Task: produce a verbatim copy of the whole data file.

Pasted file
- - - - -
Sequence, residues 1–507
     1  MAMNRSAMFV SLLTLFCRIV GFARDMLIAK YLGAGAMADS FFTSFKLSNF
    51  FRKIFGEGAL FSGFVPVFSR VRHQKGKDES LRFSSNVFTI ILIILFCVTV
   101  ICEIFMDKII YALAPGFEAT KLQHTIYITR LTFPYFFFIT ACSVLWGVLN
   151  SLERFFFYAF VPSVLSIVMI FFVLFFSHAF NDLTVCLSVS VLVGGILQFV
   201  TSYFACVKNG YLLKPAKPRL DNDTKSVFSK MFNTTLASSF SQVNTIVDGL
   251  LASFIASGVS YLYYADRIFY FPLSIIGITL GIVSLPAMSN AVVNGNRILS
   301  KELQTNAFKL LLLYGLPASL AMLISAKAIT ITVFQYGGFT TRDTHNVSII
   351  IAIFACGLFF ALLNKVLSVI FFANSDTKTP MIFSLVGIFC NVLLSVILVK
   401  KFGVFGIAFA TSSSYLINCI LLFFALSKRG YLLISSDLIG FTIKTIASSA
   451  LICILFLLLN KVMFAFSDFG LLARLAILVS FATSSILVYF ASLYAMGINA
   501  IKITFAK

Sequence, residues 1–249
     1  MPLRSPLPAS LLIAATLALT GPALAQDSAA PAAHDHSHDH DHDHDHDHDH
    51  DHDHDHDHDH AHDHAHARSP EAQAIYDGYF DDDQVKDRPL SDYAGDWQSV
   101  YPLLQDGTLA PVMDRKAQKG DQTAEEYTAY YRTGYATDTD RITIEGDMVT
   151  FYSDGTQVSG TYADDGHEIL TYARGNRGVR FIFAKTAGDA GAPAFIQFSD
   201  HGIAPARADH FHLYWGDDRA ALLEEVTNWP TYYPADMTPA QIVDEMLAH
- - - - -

Sequence, residues 1–507
     1  MAMNRSAMFV SLLTLFCRIV GFARDMLIAK YLGAGAMADS FFTSFKLSNF
    51  FRKIFGEGAL FSGFVPVFSR VRHQKGKDES LRFSSNVFTI ILIILFCVTV
   101  ICEIFMDKII YALAPGFEAT KLQHTIYITR LTFPYFFFIT ACSVLWGVLN
   151  SLERFFFYAF VPSVLSIVMI FFVLFFSHAF NDLTVCLSVS VLVGGILQFV
   201  TSYFACVKNG YLLKPAKPRL DNDTKSVFSK MFNTTLASSF SQVNTIVDGL
   251  LASFIASGVS YLYYADRIFY FPLSIIGITL GIVSLPAMSN AVVNGNRILS
   301  KELQTNAFKL LLLYGLPASL AMLISAKAIT ITVFQYGGFT TRDTHNVSII
   351  IAIFACGLFF ALLNKVLSVI FFANSDTKTP MIFSLVGIFC NVLLSVILVK
   401  KFGVFGIAFA TSSSYLINCI LLFFALSKRG YLLISSDLIG FTIKTIASSA
   451  LICILFLLLN KVMFAFSDFG LLARLAILVS FATSSILVYF ASLYAMGINA
   501  IKITFAK

Sequence, residues 1–249
     1  MPLRSPLPAS LLIAATLALT GPALAQDSAA PAAHDHSHDH DHDHDHDHDH
    51  DHDHDHDHDH AHDHAHARSP EAQAIYDGYF DDDQVKDRPL SDYAGDWQSV
   101  YPLLQDGTLA PVMDRKAQKG DQTAEEYTAY YRTGYATDTD RITIEGDMVT
   151  FYSDGTQVSG TYADDGHEIL TYARGNRGVR FIFAKTAGDA GAPAFIQFSD
   201  HGIAPARADH FHLYWGDDRA ALLEEVTNWP TYYPADMTPA QIVDEMLAH